Kamal Sarabandi elected Fellow of the American Association for the Advancement of Science
The AAAS seeks to advance science, engineering, and innovation throughout the world for the benefit of all people.
Kamal Sarabandi, Rufus S. Teesdale Professor of Engineering, has been elected Fellow of the American Association for the Advancement of Science (AAAS). AAAS is the world’s largest general scientific society, and publisher of the journal Science. The AAAS seeks to advance science, engineering, and innovation throughout the world for the benefit of all people. Fellows are recognized for their “efforts toward advancing science applications that are deemed scientifically or socially distinguished.”
Kamal Sarabandi’s contributions have shaped the remote sensing radar imaging field for over the past quarter century. He is widely recognized as a leader in the development of radar remote sensing algorithms, techniques, instruments and systems for electromagnetically interrogating and characterizing complex structures.
Applications of his work range from characterizing rain forest canopies and polar ice caps, detecting buried mines, developing microwave cameras to see-through walls, and creating millimeter-wave and submillimeter-wave technology for autonomous navigation as well as miniaturized antennas for mobile wireless devices.
His pioneering work on using radar for monitoring vegetation has important implications today for scientists studying the process and effects of global warming. He has also developed a multipolarization algorithm to remotely map the moisture content of the soil surface using airborne or space-borne imaging radar. His work will provide soil maps for hydrologists.
Dr. Sarabandi has been involved in mission planning and experimentation for many of NASA’s space-borne remote sensing imaging radars including NASA’s 1994 Shuttle Imaging Radar (SIR-C), 2000 Shuttle Radar Topography Mission (SRTM), and 2015 Soil Moisture Active Passive (SMAP). The active and passive polarimetric radar calibrators and external calibration techniques developed for these missions have become the standard approach used worldwide.
His defense-related contributions include development of sensors and algorithms for space- or airborne detection of foliage-camouflaged targets and targets within buildings. His extensive activities in development of low-cost, low-power, and compact-size beam-steering radar sensor operating at 240GHz has shown significant potential for enabling autonomous navigation of small robots as well as driverless vehicles. Combining his deep and broad knowledge in remote sensing techniques, antennas, and wave propagation, he has developed a very promising subsurface sensing approach to map the extent of underground fracking regions. His research activities in exploration for and safe utilization of energy resources has led to the invention of a reliable wireless communication apparatus between the drill head deep in the borehole and surface.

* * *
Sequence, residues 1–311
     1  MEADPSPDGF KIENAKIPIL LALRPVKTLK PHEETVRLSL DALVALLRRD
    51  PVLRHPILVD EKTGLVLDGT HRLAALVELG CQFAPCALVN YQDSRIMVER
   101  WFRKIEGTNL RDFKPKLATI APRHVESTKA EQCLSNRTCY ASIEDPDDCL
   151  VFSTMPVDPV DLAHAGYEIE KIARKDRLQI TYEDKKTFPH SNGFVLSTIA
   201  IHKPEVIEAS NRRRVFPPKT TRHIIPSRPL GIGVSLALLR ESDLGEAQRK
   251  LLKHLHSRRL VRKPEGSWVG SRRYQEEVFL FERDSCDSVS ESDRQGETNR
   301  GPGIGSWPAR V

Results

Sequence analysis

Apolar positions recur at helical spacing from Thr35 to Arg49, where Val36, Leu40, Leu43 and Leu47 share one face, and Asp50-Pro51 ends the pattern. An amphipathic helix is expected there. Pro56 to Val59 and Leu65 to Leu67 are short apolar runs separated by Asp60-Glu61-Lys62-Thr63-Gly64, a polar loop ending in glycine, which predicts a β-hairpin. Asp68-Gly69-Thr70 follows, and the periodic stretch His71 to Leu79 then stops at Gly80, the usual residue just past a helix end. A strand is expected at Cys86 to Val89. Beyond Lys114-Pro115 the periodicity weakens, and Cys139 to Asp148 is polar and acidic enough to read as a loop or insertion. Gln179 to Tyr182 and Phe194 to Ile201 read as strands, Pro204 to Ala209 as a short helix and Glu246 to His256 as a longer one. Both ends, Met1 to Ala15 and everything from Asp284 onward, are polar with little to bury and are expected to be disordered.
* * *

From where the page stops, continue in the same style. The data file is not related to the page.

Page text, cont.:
Professor Sarabandi has been leading a $20 million initiative to create the Center for Objective Microelectronics and Biomimetic Advanced Technology, established in 2008. He continues to serve as director of the Center, in addition to leading the Center for Microwave Sensor Technology and the Radiation Laboratory.
Professor Sarabandi’s contributions to education have been instrumental in developing the top-ranked educational program in the field of applied electromagnetics at the University of Michigan. A popular teacher with very high teaching evaluations, he has developed many new graduate-level courses and substantially improved a number of graduate and undergraduate courses.
To date he has supervised 46 Ph.D. students with 12 now working as professors, 12 working at national research laboratories and 22 working in industry. He has also supervised 35 Masters candidates. The high quality of research conducted in Professor Sarabandi’s group has resulted in about 30 best paper awards.
Prof. Sarabandi co-founded EMAG Technologies to commercialize simulation tools for designing and understanding electromagnetic detection systems. These tools and systems are used throughout industry and government. The company has brought more than $65 million in funding to Ann Arbor.
In recognition of his seminal contributions, Professor Sarabandi has earned many awards and honors and has been serving in key leadership roles, including as a member of the NASA Advisory Council and as the current president of the IEEE Geoscience and Remote Sensing Society. An IEEE Fellow, Prof. Sarabandi is the Rufus S. Teesdale Endowed Professor of Engineering and director of the Radiation Laboratory. He holds 14 U.S. patents with 8 more pending.